There's a crucial difference between being ordered (commanded) to do something and being asked if you are able to do (know how to do) something. to do an action. Using the "Rock The Boat" cheer as an example,commanding (ordering) the soloist to perform a particular dance move (rock the boat) is different from asking the soloist if she knows how to (or is able to) perform that particular dance move.

It's possible that "Can you rock the boat" could be interpreted as "Are you able to rock the boat?" However, in the context of that cheer, I don't think that the soloist's curt "No way" response means "There's no way that I'm able to do what you are commanding me to do." Instead, "No way" means that "There's no circumstances which would make me do what you ask. (There's no reason why I would do that.) The differences between ordering a person to do that action and politely asking the person to do it or asking if her or she is able to perform that action are important distinctions.

My guess is that in command/refusal cheers the soloist initially refuses to do what the group demands (asks) her to do as a show of strength. To immediately doing what the group demands would give the impression that she is weak, a push over, and therefore someone who could be messed over. Being weak is the opposite of the self-confident, tough girl ("hard") image that is valued in urban African American culture. That image is especially conveyed in confrontation style foot stomping cheers such as "Hula Hula" and "Hollywood Goes Swinging".

Although I believe that there are cultural values embedded in these types of cheers and (in the "Do it for the vine" off-shoots, I doubt that most people who chanted/chant these "demanding" (command/refusal) cheers or who make those "Do it for the vine/I ain't gonna do it" videos are consciously aware of the cultural messages that those compositions/performances convey.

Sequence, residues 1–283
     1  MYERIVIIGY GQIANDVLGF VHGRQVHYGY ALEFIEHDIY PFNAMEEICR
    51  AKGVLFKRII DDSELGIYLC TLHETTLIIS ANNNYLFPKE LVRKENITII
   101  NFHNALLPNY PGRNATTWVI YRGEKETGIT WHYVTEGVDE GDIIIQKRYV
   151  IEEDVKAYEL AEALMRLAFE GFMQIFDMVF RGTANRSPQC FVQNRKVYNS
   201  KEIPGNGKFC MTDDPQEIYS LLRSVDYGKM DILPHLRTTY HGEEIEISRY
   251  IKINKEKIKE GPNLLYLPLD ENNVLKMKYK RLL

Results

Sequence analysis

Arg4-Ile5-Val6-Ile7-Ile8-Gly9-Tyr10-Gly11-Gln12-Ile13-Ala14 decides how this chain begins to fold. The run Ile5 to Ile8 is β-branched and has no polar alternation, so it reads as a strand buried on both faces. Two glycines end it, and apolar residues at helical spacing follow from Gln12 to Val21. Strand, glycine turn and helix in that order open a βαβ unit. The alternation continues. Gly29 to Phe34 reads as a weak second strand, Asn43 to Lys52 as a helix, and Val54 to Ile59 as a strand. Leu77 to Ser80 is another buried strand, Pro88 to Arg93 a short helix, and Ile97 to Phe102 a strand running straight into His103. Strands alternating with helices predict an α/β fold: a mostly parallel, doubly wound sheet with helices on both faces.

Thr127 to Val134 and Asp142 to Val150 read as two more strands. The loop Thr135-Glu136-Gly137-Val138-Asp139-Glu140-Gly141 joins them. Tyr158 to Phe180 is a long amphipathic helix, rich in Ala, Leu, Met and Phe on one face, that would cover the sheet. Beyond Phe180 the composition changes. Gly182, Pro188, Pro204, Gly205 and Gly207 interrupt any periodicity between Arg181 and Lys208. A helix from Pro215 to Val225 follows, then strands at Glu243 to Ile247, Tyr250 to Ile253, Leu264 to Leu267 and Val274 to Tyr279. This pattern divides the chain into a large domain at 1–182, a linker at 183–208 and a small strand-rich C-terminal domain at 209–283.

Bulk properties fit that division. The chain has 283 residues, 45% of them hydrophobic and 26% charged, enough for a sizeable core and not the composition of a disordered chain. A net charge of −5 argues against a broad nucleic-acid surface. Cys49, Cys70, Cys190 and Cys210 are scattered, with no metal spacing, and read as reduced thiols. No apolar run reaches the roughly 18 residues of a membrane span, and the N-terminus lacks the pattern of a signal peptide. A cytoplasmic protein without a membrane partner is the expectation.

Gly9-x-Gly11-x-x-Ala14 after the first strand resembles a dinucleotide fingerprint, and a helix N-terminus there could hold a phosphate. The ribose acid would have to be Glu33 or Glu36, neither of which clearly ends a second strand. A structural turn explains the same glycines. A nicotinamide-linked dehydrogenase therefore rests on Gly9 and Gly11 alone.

Note that in the "Do It For The Vine" examples, the person's refusal to "do it" (dance) results in violent responses. That's not the case in the command/refusal foot stomping cheers, perhaps because the second time that she's asked, the soloist goes ahead and does what the group commands or asks her to do.

"Do it for the vine" video/meme erupted on the internet in 2014.

"Vine is a mobile app owned by Twitter that enables its users to create and post short looping video clips. Video clips created with Vine have a maximum clip length of six seconds and can be shared to Vine's social network, or to other services such as Twitter and Facebook."

In the original example that sparked this Internet meme, a young Black girl refuses to "Do it for the Vine" two times, saying "I ain't gonna do it" and uses African American arm & hand gestures to emphasize those words. However, the third time she is told to "Do it for the Vine", she complies and "breaks out" in a funky dance that includes twerking movements. The girl's words are edited that third time (and other loops of that portion of the video tape). However, it appears that she is still saying "I ain't gonna do it" while she is doing that dance. Note that if this were a true command compliance pattern, the girl would have said "Okay" before she started to dance.

A YouTube video of the original Vine of the little girl dancing which sparked a number of parodies & compilation videos can be found below.

Similar to the beginning of command/refusal foot stomping cheers, "Do It For The Vine" videos have a group demand/person refusing pattern ("Do It for the Vine"/ "I ain't gonna do it"). However, when the person refuses to do what the group commands, the group resorts to violence (slapping, hitting).Other parodies of that video show the person ordering the action holding a knife or otherwise threatening the person to perform.

Personally, I don't find those parody videos funny. And I also think that they miss what I think is the reason why the person initially refused to comply with that command - to emphasize that he or she is a person who has free will and thus doesn't have to acquiesce to commands unless he or she wants to. I think that this point of view may be particularly poignant because of the history of African Americans as slaves and because so often African American workers are in subservient employment positions.

FEATURED VIDEO: Do It For The Vine Vine by Diamonique Shuler

VineVideoStation , January 26, 2014 [posted on YouTube]

Best Vines enjoy this.